Jesus made clear predictions about the timing of certain prophetic events. Liberals have used these supposed “failed predictions” (see Bertrand Russell’s Why I am Not a Christian)against the reliability of the gospels. Jesus said, “this generation”will not pass away until “all these things take place” (Mt. 24:34). Each and every time “this generation” is used in the gospels, it refers, without exception,to the generation to whom Jesus was speaking.Look up the phrase for yourself. Notice what Jesus says in Matthew 24:33: “Even so YOU too, when YOU see all these things, recognize that He is near, right at the door.” A literal rendering would mean that Jesus was describing the generation to whom He was speaking, and the use of YOU would be a reference to the audience that was sitting in front of Him. He wasn’t speaking to the nation of Israel in general as Zechariah 9:9 does (see below).
Determining the original audience is extremely important when interpreting any piece of literature. This includes the Bible. Who is the “you” of 24:2?: “Do YOU not see these things?”The disciples were looking at the temple. The YOU is obviously them. Who is the YOU of 24:4?: “And Jesus answered and said to THEM, ‘See to it that no one misleads YOU.’” There is no way that the YOU in this passage refers to anyone other then those who were standing before Jesus. Jesus said, “Truly I say to YOU, not one stone HERE shall be left upon another, which will not be torn down” (24:2). It was that first-century temple that would be destroyed. No other temple or generation is in view.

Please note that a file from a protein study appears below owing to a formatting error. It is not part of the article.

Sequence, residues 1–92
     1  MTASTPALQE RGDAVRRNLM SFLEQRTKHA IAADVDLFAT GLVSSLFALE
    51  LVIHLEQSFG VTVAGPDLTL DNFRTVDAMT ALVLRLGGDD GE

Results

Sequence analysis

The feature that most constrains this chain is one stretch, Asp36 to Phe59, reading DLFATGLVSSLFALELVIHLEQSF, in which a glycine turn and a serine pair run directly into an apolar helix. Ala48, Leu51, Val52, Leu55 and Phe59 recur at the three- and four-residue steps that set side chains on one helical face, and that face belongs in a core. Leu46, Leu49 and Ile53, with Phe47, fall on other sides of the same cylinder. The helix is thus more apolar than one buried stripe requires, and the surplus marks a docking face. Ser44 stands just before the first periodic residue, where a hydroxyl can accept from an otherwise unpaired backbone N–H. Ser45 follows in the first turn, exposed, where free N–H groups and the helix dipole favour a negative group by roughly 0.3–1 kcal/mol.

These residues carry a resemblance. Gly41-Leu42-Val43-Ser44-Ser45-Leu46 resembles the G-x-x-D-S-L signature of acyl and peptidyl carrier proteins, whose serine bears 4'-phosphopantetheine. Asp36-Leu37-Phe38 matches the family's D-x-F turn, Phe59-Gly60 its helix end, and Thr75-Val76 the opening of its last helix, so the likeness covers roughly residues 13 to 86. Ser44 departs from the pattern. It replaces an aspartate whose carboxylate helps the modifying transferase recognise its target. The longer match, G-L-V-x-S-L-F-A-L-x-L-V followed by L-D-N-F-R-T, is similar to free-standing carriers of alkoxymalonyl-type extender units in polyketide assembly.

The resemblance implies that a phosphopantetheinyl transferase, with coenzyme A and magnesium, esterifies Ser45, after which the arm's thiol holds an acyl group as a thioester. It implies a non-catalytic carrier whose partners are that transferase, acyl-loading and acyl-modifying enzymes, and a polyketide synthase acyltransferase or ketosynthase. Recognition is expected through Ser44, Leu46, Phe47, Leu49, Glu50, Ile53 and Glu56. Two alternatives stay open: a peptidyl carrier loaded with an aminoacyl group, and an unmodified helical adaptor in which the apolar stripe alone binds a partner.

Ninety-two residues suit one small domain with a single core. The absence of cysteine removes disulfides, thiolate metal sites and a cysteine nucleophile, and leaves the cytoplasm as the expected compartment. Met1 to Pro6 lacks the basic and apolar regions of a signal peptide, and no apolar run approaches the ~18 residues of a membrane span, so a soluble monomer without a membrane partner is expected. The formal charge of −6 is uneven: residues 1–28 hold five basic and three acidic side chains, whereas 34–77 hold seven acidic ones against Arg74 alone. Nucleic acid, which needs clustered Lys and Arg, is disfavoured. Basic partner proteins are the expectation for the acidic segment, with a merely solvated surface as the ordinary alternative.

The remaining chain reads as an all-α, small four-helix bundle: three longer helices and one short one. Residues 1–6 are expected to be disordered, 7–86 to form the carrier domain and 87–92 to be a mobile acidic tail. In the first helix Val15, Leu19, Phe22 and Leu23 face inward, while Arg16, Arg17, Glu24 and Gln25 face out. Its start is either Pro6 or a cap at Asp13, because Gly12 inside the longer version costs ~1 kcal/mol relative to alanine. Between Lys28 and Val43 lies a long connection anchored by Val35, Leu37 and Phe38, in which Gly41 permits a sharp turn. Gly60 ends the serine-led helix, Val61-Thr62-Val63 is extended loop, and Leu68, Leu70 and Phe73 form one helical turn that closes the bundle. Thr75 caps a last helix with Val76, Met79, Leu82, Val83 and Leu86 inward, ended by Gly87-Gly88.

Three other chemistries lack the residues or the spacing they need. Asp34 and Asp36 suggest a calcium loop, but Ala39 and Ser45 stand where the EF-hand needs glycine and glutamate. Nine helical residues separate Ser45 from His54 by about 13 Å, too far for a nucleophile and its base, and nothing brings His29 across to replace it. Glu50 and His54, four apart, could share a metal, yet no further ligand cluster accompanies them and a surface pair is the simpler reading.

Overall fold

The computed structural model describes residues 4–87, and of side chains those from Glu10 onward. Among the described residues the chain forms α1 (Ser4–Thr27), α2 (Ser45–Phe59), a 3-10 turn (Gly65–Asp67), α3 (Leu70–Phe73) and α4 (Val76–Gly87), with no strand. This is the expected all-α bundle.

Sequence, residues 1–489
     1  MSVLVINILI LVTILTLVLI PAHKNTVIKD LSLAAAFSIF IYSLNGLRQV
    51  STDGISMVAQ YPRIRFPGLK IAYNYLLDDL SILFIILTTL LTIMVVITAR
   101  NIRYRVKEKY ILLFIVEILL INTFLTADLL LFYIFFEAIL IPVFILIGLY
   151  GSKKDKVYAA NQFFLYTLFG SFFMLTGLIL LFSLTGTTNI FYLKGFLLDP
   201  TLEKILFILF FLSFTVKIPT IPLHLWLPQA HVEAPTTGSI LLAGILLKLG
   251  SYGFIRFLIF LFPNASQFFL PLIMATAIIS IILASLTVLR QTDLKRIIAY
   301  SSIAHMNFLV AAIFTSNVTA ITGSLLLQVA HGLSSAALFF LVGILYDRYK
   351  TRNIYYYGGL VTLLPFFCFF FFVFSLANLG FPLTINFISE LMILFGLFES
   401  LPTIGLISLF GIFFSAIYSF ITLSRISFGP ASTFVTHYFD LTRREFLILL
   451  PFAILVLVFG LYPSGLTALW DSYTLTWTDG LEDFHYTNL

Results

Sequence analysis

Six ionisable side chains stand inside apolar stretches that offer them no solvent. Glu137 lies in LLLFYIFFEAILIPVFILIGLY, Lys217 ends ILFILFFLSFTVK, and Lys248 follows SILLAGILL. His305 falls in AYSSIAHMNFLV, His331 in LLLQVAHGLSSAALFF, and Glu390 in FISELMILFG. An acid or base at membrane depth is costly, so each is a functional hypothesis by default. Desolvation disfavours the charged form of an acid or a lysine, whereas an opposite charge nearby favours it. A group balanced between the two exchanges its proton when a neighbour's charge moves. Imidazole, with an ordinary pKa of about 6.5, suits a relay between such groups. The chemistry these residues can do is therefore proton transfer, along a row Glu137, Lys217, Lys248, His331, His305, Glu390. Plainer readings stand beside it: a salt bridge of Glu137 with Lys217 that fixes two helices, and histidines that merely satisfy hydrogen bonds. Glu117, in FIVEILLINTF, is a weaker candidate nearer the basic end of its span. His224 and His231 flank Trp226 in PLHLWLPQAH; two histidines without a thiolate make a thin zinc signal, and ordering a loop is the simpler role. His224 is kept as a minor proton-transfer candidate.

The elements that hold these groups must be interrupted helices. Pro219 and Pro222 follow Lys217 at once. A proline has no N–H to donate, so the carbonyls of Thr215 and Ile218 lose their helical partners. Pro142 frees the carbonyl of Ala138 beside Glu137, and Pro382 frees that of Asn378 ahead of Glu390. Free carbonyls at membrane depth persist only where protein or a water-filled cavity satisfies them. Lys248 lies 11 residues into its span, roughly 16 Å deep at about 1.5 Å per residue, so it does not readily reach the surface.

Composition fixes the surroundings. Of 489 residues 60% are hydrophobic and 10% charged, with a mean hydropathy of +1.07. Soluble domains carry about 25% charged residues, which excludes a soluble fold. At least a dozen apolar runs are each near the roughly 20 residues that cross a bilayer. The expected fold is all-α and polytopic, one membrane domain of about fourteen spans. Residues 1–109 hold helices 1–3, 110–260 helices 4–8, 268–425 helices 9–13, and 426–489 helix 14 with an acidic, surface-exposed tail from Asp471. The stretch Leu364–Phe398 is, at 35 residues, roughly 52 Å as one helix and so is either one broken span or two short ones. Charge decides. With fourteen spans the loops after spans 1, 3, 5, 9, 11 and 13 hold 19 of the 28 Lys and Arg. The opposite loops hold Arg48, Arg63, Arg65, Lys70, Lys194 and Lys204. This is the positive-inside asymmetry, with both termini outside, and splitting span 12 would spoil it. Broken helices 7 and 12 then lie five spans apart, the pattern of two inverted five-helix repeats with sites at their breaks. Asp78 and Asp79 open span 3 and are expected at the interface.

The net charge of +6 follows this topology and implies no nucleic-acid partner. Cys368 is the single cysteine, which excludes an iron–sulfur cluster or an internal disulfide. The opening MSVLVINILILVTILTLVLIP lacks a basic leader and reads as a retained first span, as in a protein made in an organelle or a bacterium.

The same is true of the use of YOU in 24:6 and 9. There is nothing in the text that intimates that Jesus has a future audience in mind, that He has somehow switched audience references from 24:2 and 4. If Jesus wanted to describe a different, future audience, He would have used THEY and THEM: “And THEY will be hearing of wars and rumors of wars” (24:6). . . . They will deliver THEM up to tribulation” (24:9).
I did not say “the use of the word ‘YOU’ always implies application to the immediate audience.” In the case of Matthew 24, the burden of proof is on those who claim the audience reference of YOU does not refer to Jesus’ first-century audience.
You state the following (all of these questions are answered in great detail in my book Last Days Madness):
1. This ‘abomination’ referred to by Christ was still a future event.